By Abdelmohsine El Hallouati
By Abdelmohsine El Hallouati
Rabat – We all know fossil fuels are an imminent threat to the future of humanity. We all know how to eliminate them from our daily lives and strive for climate stability, right?
Well, the results of a recent survey show that despite the fact that most people believe in climate change and see it as a threat, they actually feel distanced from the problem and its solutions. The BreakFree actions of May 3-15, 2016, highlighted this discrepancy. The movement’s effects are still reverberating around the world, and there are still endless ways to get involved and make a lasting difference.
Despite being widely regarded as the largest civil disobedience protests in the history of the climate change movement, 88 percent of survey respondents reported having never heard of BreakFree, highlighting insufficient media coverage and strong sway of fossil fuel producers in the mainstream media, where viewers regularly see five times more fossil fuel company advertisements than climate change news coverage. Although most respondents have not heard of the campaign, it succeeded in derailing the operations of many major fossil fuel producers: shutting down a coal mine in South Africa, blocking railways for oil trains in the United States, and disrupting a coal ash disposal site in Turkey.
The survey, randomly polling more 35 respondents from four continents, revealed startling information about how people around the world, in countries of various levels of development, feel detached from climate change. When asked “Are you negatively impacted by fossil fuel consumption on a daily basis?,” an alarming 65 percent responded “No.” Most people feel that fossil fuels are here to stay. Sixty-eight percent of respondents believe that global elimination of fossil fuels will happen either after 2050 or never. Thirty-two percent are more optimistic, stating that fossil fuels will be eradicated between 2030 and 2050. No one believes it is possible to completely move to renewables before 2030, despite a 2011 study that showed that 100 percent renewable energy could be possible globally by 2030 “if there is the political will to strive for this goal.”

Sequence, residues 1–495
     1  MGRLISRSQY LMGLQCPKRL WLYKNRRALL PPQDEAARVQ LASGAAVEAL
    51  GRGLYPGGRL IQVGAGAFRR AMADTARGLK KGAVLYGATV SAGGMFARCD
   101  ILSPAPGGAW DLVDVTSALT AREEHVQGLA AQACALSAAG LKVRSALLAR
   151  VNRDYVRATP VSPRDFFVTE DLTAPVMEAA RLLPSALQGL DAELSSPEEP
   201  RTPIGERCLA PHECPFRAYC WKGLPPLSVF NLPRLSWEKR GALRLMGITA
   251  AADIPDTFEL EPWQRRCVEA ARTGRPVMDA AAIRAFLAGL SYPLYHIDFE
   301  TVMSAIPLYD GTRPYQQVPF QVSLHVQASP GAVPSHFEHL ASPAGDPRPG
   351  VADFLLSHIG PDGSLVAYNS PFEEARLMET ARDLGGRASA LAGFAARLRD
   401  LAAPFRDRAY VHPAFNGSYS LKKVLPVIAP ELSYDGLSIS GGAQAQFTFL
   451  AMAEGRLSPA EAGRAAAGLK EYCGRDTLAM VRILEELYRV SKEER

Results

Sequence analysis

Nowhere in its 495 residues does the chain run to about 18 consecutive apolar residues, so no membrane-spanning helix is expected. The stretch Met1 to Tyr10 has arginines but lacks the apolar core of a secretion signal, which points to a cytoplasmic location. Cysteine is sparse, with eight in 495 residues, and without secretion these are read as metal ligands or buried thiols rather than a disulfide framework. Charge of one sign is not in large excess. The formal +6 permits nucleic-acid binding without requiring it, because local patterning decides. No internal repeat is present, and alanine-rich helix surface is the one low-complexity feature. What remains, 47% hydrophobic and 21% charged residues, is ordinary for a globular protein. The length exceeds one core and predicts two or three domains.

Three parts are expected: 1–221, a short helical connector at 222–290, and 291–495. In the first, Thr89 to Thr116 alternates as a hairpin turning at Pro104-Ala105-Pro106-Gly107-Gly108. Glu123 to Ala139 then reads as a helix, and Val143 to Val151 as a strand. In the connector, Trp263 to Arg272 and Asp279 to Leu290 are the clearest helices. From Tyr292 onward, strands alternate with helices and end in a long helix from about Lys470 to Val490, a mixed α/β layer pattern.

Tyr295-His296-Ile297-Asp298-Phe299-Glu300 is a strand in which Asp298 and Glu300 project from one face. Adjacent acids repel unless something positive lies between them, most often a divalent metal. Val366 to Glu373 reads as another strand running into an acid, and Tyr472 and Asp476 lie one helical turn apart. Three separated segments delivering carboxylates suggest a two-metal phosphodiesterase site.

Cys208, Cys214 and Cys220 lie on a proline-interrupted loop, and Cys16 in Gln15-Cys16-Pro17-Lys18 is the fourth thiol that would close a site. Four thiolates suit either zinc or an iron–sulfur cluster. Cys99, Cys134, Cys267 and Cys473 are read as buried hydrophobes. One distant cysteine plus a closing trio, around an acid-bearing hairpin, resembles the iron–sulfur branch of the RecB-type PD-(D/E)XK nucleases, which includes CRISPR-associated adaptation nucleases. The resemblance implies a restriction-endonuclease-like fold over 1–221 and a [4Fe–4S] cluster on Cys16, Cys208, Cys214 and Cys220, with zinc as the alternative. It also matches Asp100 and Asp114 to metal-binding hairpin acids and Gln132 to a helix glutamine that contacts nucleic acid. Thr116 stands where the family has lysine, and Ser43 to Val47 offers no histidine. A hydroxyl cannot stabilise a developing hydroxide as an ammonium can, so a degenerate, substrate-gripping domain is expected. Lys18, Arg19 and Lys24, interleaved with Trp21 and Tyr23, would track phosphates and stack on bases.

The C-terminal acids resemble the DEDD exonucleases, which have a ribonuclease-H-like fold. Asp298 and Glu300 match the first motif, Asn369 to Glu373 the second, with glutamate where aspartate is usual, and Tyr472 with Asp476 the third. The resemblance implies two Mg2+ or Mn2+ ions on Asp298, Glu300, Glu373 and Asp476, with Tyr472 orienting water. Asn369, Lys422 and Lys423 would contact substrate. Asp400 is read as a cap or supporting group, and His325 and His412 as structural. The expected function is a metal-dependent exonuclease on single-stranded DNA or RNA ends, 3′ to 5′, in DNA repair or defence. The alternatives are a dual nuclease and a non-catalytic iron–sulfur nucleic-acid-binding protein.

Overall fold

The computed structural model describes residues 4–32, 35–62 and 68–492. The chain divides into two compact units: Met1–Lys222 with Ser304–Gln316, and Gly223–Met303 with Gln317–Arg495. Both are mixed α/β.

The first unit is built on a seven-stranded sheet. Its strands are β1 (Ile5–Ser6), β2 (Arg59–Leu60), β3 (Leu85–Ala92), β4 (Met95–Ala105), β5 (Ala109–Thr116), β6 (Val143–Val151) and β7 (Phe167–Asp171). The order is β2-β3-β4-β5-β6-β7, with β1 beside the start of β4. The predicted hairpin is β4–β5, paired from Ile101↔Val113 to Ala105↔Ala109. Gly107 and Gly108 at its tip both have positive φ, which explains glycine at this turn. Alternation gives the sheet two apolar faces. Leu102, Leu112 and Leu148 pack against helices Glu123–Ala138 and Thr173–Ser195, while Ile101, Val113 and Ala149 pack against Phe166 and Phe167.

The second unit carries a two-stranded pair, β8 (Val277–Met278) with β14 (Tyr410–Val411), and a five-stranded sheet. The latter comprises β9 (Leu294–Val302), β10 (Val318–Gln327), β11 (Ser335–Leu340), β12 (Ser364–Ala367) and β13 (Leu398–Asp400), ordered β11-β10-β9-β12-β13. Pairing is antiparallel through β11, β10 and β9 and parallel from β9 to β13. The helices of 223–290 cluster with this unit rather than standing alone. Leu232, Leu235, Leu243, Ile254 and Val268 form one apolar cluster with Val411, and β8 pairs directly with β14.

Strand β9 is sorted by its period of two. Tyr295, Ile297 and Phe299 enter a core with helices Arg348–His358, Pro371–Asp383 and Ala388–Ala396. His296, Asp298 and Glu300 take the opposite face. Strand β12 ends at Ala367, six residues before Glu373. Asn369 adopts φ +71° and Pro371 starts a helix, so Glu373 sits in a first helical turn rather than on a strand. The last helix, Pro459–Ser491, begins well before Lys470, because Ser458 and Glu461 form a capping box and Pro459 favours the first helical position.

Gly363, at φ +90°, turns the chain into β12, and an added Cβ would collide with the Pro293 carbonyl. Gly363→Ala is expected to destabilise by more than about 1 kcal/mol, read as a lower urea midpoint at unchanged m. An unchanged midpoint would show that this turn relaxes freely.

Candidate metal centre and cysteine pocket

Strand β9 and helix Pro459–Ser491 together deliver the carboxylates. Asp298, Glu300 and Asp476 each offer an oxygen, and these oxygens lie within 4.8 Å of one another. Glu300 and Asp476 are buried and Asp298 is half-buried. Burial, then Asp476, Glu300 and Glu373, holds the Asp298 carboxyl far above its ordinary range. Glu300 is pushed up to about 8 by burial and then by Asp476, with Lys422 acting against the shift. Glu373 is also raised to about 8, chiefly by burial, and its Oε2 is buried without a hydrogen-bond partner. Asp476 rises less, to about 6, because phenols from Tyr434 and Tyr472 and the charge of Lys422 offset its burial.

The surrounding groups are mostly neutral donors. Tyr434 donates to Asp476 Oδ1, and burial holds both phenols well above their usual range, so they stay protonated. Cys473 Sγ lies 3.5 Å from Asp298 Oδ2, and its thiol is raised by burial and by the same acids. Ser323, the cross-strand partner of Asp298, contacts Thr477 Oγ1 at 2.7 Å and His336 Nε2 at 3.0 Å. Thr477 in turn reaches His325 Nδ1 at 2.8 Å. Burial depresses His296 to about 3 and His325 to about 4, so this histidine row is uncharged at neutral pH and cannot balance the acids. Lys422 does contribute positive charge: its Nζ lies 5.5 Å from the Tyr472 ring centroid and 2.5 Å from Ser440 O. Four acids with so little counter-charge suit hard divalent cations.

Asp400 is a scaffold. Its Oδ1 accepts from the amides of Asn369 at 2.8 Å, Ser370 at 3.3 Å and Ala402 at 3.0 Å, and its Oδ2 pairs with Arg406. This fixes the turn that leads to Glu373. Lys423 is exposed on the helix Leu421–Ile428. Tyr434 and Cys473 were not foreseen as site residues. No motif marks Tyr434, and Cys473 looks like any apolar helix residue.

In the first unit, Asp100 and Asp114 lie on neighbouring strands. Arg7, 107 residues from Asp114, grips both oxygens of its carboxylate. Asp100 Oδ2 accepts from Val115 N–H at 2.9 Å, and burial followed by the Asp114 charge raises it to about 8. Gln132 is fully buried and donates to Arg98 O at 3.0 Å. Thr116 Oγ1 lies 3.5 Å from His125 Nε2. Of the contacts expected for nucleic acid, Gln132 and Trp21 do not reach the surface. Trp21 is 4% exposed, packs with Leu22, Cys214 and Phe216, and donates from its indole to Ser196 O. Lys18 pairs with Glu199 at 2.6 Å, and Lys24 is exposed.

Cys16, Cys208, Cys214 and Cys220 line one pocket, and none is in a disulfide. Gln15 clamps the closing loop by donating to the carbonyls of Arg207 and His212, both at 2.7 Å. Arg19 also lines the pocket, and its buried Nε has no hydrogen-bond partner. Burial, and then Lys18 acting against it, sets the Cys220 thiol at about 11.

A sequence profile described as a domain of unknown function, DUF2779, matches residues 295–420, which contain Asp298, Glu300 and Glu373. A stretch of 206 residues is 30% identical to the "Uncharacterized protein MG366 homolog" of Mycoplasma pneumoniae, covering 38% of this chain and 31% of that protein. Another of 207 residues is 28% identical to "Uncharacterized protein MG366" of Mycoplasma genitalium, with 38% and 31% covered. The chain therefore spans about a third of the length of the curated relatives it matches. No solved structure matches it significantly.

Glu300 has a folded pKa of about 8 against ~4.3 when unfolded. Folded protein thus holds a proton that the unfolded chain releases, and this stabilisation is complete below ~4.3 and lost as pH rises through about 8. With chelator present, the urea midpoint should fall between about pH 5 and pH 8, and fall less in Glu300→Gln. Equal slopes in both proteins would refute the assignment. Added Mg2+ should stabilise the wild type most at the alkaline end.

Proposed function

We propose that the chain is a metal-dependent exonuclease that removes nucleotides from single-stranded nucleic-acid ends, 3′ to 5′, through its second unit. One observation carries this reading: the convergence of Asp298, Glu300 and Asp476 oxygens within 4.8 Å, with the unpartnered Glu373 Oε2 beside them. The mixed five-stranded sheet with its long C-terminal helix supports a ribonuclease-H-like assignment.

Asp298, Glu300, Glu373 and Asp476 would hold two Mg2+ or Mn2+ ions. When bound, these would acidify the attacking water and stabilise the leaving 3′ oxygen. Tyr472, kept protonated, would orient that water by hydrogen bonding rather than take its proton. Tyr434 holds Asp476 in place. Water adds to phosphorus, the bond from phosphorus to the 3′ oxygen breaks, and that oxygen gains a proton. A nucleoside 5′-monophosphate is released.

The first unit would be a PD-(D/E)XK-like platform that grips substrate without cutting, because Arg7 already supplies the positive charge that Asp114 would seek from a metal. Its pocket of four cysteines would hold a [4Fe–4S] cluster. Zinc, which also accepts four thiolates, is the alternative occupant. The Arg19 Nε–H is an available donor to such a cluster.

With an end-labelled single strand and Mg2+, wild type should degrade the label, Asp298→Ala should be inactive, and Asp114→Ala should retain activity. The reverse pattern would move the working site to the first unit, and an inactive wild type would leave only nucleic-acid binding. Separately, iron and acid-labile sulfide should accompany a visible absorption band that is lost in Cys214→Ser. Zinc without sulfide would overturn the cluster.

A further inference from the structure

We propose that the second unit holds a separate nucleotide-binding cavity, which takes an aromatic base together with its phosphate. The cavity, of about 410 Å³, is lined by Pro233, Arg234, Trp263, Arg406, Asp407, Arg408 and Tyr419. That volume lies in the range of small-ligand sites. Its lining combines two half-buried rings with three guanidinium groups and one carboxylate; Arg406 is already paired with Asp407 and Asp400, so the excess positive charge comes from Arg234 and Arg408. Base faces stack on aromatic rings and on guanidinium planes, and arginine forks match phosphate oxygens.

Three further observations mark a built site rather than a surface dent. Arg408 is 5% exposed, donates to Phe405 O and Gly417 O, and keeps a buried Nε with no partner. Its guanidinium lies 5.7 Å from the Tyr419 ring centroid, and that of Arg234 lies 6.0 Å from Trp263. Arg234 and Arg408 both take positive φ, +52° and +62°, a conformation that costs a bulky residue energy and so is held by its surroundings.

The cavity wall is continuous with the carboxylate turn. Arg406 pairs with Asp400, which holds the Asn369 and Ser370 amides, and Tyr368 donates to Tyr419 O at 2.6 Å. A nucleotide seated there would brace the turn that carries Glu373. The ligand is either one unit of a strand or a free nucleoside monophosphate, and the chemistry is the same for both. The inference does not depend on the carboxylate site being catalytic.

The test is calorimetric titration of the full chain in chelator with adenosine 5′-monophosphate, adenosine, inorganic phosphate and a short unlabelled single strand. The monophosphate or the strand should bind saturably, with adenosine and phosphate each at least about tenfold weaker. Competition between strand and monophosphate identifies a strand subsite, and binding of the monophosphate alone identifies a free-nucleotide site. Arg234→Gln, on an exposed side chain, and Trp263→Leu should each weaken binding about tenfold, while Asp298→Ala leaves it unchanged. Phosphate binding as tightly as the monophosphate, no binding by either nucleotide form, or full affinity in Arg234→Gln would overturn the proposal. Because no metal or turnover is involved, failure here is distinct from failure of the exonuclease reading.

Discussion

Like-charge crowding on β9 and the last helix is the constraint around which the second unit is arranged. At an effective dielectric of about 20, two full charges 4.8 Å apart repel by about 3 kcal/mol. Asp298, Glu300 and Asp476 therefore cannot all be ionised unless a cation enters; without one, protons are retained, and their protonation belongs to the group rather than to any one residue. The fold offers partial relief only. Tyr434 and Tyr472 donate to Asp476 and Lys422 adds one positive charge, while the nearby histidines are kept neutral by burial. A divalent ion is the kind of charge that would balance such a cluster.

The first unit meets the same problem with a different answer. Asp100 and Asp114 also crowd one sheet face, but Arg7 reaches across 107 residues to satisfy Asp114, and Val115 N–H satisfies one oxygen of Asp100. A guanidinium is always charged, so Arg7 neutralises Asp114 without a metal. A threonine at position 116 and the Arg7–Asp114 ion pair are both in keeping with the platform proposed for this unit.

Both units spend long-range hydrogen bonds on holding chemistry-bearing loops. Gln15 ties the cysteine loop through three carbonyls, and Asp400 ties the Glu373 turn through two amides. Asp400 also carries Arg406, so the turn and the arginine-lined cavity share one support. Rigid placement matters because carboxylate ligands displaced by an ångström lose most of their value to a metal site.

Fortunately, almost all of the respondents have ideas about what they can do on a daily basis to reduce their carbon footprint. However, nearly all believe that reducing fossil fuel consumption and greenhouse gas emissions relates exclusively to their transportation usage. For example, no one mentions eating habits, perhaps the easiest way to make a huge difference. Nearly 20 percent of global greenhouse emissions (nine percent of global CO2, 65 percent nitrous oxide and 35 percent of methane) emanate from the livestock industry.
By switching to a healthy, meat-free diet, we can cut more nitrous oxide and methane emissions than by getting rid of our cars! When asked “What is the most effective way to eliminate climate change?,” more than ninety percent of the sample stated renewable energy breakthroughs would be most practical. Only one respondent mentions installing solar panels on their home, a proven way to greatly diminish CO2 emissions. However, the respondent states that s/he would “love to put solar panels on [her/his] roof, but it’s cost prohibitive.” This is another example of a myth about renewable energy propagated by fossil fuel companies.
Just because official BreakFree actions concluded, events are still taking place daily around the world. You can easily get involved in a local environmental awareness group – regardless of where you live. Civil society must continue to urge governments to make climate change prevention a priority.
When it comes to responsibility for ending climate change, the overwhelming majority of those surveyed think that developed states should be most accountable. Only a minority of respondents believe individual actions can reduce climate change too. We must all do our part. Governments will not take action until citizens push them to do so, and we must all first make individual changes to be able to take a stance. Whether it’s driving less, eating smarter, using less electricity, or joining an awareness campaign, we all must play our part each day!
Edited by Anthony Abate
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